What experience or education distinguishes your lawyers from others

William T. Allison, Attorney at Law, handles only ERISA cases.

Other lawyers in Fischer, Hathaway, & Manno (Timothy R. Fischer, Donald Hathaway, and Mark Manno) are experts in the fields of personal injury and workers' compensation law. The lawyers of the Disability Law Center, LLC (P. Brian Spurlock, Robert K. Moffett, John P. Pintado, W. Gary Kennan, James R. Hashek, Nora S.J. Wilson, and JackA. Quarles, Jr.), are experts in Social Security law, and do nothing else.

Our lawyers are each experts in their fields. And all this expertise is in the varying fields that serve our disabled clients, including ERISA benefits claims, Social Security benefits claims, workers' compensation claims and personal injury cases.

We leave no stone unturned in fighting for our clients

What distinguishes your law firm from others?

There are a lot of workers' compensation claims lawyers, but most of them have no expertise in ERiSA or Social Security. There are lots of Social Security lawyers but most of them have no expertise in ERISA or in workers' compensation. There are lots of personal injury lawyers (just watch TV for a moment; it is hard to miss their commercials), but they rarely have any expertise in ERISA, worker's compensation or Social Security law.

There are some ERISA firms around the country, but most of them have no expertise in the other areas of law that impact disabled people.

Then, there is the unfortunate fact that many lawyers who practice in these other areas occasionally handle ERISA claims. It is my belief that this explains, to a large degree, why the win/loss statistics for cases in which a judgment of the courts are entered are so dismal.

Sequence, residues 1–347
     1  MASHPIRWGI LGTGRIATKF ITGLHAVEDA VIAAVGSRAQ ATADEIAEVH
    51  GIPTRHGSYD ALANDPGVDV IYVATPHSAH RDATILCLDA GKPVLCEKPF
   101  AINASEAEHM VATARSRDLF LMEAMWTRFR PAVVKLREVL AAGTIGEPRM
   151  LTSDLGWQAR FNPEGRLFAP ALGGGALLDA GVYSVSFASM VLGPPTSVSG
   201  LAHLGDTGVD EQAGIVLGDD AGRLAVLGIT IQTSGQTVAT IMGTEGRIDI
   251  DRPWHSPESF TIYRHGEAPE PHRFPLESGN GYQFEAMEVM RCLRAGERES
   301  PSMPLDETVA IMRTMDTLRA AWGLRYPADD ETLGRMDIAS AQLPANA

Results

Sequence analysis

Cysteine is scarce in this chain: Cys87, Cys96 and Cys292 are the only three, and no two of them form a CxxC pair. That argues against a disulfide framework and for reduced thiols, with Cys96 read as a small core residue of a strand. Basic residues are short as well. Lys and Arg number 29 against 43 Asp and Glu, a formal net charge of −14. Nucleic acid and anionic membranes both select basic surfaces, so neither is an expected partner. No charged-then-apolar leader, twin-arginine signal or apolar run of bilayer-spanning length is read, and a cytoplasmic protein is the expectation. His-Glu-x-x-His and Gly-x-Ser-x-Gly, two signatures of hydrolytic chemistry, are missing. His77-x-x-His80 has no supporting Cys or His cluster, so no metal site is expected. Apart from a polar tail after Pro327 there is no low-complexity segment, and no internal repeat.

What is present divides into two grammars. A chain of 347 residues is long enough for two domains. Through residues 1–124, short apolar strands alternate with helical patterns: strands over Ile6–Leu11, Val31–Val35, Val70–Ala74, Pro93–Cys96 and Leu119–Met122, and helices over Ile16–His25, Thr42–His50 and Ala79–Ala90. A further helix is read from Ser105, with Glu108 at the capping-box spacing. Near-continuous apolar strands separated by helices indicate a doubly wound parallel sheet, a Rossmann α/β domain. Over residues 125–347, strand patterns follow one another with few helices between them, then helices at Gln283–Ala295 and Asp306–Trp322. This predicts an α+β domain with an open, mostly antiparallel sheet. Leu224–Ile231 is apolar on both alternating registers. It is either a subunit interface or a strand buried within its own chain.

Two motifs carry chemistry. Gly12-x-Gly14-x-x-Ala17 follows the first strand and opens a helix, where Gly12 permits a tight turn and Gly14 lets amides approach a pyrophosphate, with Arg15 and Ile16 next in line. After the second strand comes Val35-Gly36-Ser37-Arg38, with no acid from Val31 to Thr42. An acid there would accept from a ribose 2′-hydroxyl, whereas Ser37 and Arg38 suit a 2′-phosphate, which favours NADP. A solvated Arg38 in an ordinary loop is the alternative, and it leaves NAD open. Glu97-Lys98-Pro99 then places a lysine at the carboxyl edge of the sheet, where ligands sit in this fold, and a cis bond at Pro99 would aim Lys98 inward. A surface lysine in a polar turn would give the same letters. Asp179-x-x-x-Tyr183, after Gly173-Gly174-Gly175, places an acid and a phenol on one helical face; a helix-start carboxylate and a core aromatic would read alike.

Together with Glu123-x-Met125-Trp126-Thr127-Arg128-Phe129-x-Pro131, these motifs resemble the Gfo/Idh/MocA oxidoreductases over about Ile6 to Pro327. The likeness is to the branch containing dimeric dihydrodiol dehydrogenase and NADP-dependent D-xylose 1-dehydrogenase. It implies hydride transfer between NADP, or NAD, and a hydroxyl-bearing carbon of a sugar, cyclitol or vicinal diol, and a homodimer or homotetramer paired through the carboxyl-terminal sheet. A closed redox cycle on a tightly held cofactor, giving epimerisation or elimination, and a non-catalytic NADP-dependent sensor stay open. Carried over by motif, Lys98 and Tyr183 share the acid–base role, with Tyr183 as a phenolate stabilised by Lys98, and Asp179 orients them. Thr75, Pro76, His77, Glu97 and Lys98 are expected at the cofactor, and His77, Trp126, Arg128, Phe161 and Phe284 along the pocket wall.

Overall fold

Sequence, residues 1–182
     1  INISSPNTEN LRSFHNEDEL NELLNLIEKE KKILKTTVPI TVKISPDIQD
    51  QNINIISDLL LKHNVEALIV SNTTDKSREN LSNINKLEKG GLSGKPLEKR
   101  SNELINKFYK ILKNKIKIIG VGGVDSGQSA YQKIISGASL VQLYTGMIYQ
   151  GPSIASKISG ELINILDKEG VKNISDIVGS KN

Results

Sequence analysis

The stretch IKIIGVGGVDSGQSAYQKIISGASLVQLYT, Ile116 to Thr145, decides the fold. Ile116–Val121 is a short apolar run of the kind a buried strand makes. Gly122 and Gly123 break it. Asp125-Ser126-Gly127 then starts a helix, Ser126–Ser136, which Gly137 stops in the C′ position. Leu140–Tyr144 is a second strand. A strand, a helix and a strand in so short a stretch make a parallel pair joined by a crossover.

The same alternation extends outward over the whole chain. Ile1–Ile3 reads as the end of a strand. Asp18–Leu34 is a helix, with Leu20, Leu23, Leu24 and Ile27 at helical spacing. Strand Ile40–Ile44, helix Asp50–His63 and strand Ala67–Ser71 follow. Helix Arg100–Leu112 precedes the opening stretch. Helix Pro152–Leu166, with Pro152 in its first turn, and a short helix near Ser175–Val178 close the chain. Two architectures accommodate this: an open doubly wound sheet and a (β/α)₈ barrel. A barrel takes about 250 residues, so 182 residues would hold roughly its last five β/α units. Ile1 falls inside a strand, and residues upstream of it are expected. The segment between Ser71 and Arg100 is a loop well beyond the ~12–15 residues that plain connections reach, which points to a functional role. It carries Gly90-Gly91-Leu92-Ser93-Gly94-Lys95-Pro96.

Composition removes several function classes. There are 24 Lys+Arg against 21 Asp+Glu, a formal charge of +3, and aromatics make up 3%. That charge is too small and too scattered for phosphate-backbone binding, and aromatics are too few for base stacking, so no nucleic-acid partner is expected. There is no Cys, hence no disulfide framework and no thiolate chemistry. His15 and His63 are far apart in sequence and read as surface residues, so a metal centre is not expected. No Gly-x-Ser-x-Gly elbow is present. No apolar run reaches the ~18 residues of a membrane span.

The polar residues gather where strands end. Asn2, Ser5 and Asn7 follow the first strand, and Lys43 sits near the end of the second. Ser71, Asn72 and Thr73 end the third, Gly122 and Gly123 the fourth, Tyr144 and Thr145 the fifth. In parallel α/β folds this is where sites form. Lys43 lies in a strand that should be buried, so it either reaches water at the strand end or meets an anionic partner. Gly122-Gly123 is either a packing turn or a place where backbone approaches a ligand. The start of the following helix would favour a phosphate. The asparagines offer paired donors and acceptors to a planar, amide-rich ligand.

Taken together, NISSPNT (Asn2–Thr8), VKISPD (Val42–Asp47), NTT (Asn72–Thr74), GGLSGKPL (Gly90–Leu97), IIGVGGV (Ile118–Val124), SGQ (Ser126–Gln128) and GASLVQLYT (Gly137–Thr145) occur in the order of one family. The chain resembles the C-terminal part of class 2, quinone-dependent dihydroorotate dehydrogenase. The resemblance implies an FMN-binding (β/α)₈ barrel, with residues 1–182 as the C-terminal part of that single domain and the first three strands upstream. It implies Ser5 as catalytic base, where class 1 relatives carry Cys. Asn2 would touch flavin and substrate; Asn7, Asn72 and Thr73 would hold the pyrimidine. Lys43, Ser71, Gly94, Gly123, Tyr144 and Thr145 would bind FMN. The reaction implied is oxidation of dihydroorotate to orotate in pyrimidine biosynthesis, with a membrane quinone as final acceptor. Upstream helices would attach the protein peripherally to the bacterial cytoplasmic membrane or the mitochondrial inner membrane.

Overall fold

ERISA cases are different than other cases. Most of the work has to be done before suit is filed. In the usual ERISA case, once the suit is filed, the Claimant can no longer add anything to the record. Let me explain:

ERISA cases are tried by a judge sitting without a jury. The "trial" consists of the judge reviewing the insurance company's claims file. As strange as it might seem, the judge doesn't decide whether the Claimant is entitled to benefits. He only decides whether the insurance company acted in good faith. It is certainly possible for two people to have different opinions concerning just about any topic and both be in good faith.

In the typical ERISA case, the Claimant will never have his or her day in court, never get to take the witness stand and tell his or her story, never get to call witnesses and introduce evidence to support his or her claim. There is nothing that any lawyer can do about this, but experienced ERISA lawyers know how to present the case in the best light despite these obstacles.